"I didn't like it at all at first," Iglesias says, sitting on a park bench behind his manager Fernan Martinez's office near downtown Miami, watching the sun set on Biscayne Bay. There are probably several million young girls who would give almost anything to be on this bench, but passing joggers barely give him a glance. "I was only 7, and I was separated frommy mother. But I got used to it." He has a brother, Julio Jose, who is an actor and model. His sister, Chabelli, is a Spanish television personality.
He started singing and writing songs as a teenager with two friends, Mario Martinelli and Roberto Morales, who played and sang in a restaurant in Miami's Little Havana district. Five songs Iglesias wrote during that period are on his first record, and three are on the second. By the time he was going to the University of Miami, he was singing at Morales' house for hours every day. It was his private world.
"It's not like I was looking for a record deal then," Iglesias says. "I did it because I loved it. I never told anyone. For me it was a getaway to sing, one of those things I didn't want anyone to screw up."
When he approached Fernan Martinez, who had earlier been his father's manager for nine years, Martinez had no idea what was coming. But when he heard Iglesias sing, Martinez knew he had something special. "He communicates," Martinez says. "He was so emotional, you could see him shaking. He expresses himself with his voice, his eyes--you see how much he believes in what he's singing."
Iglesias insisted, however, that Martinez get him signed without using his father's name. Several labels turned down the singer, whom Martinez presented as an unknown from Central America, but Guillermo Santiso, president of Los Angeles-based Fonovisa, liked the voice and the good-looking photograph.
From the beginning, the label tried to keep the focus off Iglesias' parentage, both at the young singer's insistence and out of fear that he would be dismissed as a novelty riding on his father's coattails. It was a justifiable concern. Even now people often assume that Iglesias' success is due at least in part to Julio.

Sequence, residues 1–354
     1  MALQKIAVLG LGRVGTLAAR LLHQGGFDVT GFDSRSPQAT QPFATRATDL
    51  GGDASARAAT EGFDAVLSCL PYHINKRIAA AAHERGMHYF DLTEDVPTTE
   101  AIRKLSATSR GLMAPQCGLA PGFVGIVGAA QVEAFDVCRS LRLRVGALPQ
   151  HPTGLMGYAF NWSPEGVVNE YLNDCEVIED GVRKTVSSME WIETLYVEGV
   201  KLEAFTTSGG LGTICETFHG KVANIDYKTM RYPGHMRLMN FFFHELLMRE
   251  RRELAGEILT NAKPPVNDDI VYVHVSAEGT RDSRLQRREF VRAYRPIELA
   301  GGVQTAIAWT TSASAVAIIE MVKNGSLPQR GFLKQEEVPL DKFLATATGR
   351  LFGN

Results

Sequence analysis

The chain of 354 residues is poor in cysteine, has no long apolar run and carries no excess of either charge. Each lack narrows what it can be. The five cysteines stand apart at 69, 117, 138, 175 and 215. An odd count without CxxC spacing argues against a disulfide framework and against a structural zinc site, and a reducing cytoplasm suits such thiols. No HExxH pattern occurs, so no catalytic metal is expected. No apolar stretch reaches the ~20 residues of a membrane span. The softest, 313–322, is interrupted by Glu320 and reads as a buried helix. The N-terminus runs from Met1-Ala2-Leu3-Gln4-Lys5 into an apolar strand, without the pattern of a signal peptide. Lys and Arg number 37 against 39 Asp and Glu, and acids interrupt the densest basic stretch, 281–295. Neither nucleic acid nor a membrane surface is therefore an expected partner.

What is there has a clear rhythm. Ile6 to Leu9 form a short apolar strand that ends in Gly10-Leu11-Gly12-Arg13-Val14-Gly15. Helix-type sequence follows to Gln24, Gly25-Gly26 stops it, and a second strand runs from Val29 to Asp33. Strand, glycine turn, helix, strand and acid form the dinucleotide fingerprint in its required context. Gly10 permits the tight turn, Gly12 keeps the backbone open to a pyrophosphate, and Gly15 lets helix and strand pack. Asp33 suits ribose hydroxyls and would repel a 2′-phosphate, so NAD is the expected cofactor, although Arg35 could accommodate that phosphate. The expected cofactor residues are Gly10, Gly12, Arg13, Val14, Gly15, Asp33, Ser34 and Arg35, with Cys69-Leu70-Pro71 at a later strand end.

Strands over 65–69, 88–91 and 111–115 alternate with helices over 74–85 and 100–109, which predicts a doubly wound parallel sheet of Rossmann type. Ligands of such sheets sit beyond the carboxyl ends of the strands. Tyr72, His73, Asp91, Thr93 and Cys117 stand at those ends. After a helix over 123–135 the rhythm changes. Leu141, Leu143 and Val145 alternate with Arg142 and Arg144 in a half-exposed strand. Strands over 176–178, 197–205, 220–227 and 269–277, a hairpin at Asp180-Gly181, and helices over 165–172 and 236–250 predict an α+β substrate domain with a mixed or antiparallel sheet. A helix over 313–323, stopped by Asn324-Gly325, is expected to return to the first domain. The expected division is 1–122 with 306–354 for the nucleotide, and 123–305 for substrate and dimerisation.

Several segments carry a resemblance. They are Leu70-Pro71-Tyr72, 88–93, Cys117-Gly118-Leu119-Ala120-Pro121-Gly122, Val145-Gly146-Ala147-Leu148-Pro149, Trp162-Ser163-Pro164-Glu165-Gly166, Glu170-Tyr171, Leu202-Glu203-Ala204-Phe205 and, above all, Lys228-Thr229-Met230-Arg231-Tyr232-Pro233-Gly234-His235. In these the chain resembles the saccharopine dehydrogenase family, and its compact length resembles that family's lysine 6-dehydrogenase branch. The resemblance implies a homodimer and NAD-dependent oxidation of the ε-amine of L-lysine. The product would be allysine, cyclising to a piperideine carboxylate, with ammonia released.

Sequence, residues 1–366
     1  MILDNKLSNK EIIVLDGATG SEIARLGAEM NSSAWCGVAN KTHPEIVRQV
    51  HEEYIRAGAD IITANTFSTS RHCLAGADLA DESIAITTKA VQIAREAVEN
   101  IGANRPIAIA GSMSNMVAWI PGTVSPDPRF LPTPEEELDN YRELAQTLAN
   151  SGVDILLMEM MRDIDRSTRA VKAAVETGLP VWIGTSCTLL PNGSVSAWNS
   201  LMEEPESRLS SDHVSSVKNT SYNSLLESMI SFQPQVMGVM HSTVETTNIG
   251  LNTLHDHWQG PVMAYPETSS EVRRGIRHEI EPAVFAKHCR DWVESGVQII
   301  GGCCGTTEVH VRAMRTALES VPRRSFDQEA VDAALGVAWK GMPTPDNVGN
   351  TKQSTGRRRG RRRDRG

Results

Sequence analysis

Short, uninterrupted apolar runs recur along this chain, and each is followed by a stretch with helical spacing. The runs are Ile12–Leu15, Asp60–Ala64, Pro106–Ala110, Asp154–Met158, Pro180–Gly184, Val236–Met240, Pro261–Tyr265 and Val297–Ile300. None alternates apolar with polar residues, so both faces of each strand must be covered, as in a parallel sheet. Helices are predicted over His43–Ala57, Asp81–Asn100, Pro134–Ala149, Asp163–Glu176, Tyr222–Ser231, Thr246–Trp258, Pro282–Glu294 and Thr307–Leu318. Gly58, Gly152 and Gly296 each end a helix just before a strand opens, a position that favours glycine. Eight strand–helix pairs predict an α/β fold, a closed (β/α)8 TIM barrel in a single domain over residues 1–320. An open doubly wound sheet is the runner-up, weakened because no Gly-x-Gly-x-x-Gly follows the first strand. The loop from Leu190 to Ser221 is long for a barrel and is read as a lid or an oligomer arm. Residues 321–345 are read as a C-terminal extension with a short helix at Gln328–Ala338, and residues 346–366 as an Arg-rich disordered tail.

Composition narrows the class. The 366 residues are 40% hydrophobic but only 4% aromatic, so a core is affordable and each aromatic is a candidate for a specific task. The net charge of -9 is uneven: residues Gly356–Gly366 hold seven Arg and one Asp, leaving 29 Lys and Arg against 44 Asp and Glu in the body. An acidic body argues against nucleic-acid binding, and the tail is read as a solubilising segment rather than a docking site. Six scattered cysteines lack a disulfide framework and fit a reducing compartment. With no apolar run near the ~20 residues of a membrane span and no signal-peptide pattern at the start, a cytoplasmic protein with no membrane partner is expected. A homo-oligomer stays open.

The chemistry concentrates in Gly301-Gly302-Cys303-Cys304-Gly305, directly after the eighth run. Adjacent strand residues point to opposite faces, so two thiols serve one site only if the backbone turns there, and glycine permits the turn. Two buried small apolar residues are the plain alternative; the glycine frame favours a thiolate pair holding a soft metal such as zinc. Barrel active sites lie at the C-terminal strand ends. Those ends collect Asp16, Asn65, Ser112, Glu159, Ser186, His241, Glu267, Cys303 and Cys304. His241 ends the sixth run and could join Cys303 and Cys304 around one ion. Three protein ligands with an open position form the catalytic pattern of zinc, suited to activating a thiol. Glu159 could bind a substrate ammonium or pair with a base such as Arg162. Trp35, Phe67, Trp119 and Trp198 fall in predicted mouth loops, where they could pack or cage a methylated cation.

"He loves his father, but he didn't want to be known as Julio's son," Martinez says. "He wanted to do it on his own. Because he thinks people will say, 'Oh, you got this because of your father.' "
Iglesias walked out of a New York radio interview when he was introduced as Julio's son, and he turned down an Oprah Winfrey show about "Sons of Famous Fathers." He quit school and signed the record contract without telling his parents; his father didn't find out until they were months into recording.
For Iglesias, this was a personal as well as a professional issue. "I've always been very independent. I don't need my dad's help. I never did. I really grew up by myself. So when it came to taking that big step, I just said, 'Well I can do it myself.' If it goes well, it goes well for me. If it goes badly, it would look even worse [if I had] my parents' help."
There have been rumors that Iglesias' success and insistence on going it alone have led to estrangement from his father, although publicly Julio (who was traveling and did not respond to several requests for comment for this story) has always said he is proud of his son's achievement.
"What has happened to him is sensational," he said of Enrique in a story last fall in the Miami Herald. "Parents hope for great things for their children, but how do you imagine such success?"
Their separation is partly a practical matter of father's and son's globe-hopping lives, but for the younger Iglesias it is also a matter of continuing to be independent. "I love my dad more than anything in this world, but when it comes to work we are so separated that it has affected us personally. My life right now is my music and my fans, and that does separate you whether you like it or not. I love doing things by myself. When I'm on tour and I look back at my band, I say, 'This is my band.' My outfit is my outfit, my manager is my manager, my career is my career. That's why I'm so separated from my father. When we get together, music is the last thing I want to talk about."
Perhaps because he recognizes the potential for tension there. "I was talking to my dad--this is why I don't like talking about music with him--and he said how much his album has sold. And I said, 'Dad, I know, but you know I'm really the Latino artist that sells the most albums now.' And he goes, 'No, I am.' And I told him, 'Dad, I triple your sales.' And he just stayed quiet. It was a funny conversation."